Please note that the scale in the G(s) plot is determined by the minimum and maximum s-value occurring. The above example, the distribution is actually very precise, as can be seen in a different axis scale (after exporting):
Pressing the ESCAPE key will return to the usual display of the data and residuals, and in the bottom part of the window, the integral distribution G(s).
It should be noted that here, Sedfit shows the best-fit position of each of the boundary fractions directly in the raw data space, i.e. it calculates backwards from the linear regression of s(app,i) vs 1/sqrt(time) to best-fit s(app) values, and best-fit positions of the boundary fractions. This has the advantage that it allows to judge how well the data are described by the van Holde-Weischet analysis.
If aberrant boundary fractions occur near the upper or lower end of the G(s) distribution, I recommend recalculation of the analysis (click with the mouse no the Model | van Holde-Weischet menu again) with a significantly lower resolution. (Aberrant fractions are usually a result of noise of the data being larger than the concentration increment of the boundary division. This averages out somewhat in the middle fractions, but noise from the plateaus reaching into close-by boundary fractions gives a one-sided bias.) Alternatively, if the resolution in the middle fractions shall not be sacrificed, the distribution can be exported, and the aberrant extreme fractions removed.
B) Model | extrapolate ls-g*(s) vs 1/sqrt(time)
In this variant, the position of the boundary fractions are not obtained directly from the data. Instead, apparent s-values for boundary fractions are obtained via equivalent area fractions of a series of ls-g*(s) curves, which then are subjected to the same 1/sqrt(time) extrapolation. This allows working in the presence of time-invariant and radial invariant noise. This model is presented in more detail in the tutorial.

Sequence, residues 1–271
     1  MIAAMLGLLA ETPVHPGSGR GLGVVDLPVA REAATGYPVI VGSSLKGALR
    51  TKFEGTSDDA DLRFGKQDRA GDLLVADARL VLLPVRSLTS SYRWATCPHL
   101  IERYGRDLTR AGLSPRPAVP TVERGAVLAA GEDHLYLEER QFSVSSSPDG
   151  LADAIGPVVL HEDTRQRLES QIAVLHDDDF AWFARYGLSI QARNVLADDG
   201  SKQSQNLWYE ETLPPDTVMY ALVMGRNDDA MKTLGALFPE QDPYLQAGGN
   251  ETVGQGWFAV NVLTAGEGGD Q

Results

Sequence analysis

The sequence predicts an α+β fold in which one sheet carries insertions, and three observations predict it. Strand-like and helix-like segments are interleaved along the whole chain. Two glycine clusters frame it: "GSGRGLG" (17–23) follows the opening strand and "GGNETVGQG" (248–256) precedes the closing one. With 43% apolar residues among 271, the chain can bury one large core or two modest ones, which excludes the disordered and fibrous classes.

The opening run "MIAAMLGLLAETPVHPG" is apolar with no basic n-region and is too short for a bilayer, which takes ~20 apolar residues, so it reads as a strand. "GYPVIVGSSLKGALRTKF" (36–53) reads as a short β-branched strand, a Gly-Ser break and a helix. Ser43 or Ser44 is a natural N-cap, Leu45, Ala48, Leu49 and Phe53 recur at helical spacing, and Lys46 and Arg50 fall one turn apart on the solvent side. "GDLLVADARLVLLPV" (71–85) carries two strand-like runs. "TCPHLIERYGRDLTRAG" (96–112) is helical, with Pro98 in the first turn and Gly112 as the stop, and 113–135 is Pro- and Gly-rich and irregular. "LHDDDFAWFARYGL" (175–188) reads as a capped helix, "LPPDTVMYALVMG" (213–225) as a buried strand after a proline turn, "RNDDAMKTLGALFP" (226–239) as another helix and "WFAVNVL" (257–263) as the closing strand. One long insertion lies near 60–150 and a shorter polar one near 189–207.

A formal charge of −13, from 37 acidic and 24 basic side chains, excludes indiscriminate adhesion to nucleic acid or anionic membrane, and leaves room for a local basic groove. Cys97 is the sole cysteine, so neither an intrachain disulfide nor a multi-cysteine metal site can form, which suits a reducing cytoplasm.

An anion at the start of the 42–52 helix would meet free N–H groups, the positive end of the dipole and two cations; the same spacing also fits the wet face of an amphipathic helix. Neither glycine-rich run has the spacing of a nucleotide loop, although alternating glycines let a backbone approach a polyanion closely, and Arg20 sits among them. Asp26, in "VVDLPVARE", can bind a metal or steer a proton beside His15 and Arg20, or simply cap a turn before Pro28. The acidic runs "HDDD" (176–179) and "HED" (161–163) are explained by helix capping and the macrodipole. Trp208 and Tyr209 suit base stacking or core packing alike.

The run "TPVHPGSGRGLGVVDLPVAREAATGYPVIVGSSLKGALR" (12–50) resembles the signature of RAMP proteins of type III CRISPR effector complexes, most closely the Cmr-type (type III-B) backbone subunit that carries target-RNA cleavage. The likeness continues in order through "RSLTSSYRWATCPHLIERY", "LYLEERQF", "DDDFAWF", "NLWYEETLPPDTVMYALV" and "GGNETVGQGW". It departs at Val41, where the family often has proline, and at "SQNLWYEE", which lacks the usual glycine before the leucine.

Because of a constant total area under all the ls-g*(s) curves is needed, similar constraints on the selection of data sets are imposed. To avoid correlation of the baseline parameters with small s-value part of ls-g*(s), all scans should be well clear of the meniscus. For a well-determined high s-value limit of ls-g*(s), all scans should have a clearly established plateau.
It was found to work best when RI noise has been eliminated, for example by manual removal of jitter, and switching of RI noise in the parameter box. (This does not apply to the TI noise, as TI noise can be taken into account.) This model can be applied equally to absorbance or interference data.
After selecting this model, a warning message appears,
as a reminder to the experimental character this model still has. Although very good results have been obtained (ref 2), overall very little experience with this approach is available. Further, the extrapolation of ls-g*(s) has the same fundamental limitations in resolution and sensitivity as the van Holde-Weischet method (see the limitations), and is surpassed by the c(s) model.
After selecting the model, a message box
appears, similar to the van Holde-Weischet model. However, more input is required for calculating ls-g*(s) which can be done by clicking on the Parameters menu:
The top portion of the parameters box determines the ls-g*(s) parameters (familiarity with the ls-g*(s) model and the tutorial is required). The fields for resolution ('gofs resolution'), s-min, s-max, and confidence level are the same as in the other size-distribution models. A relatively low value for the gofs resolution (50) can be sufficient.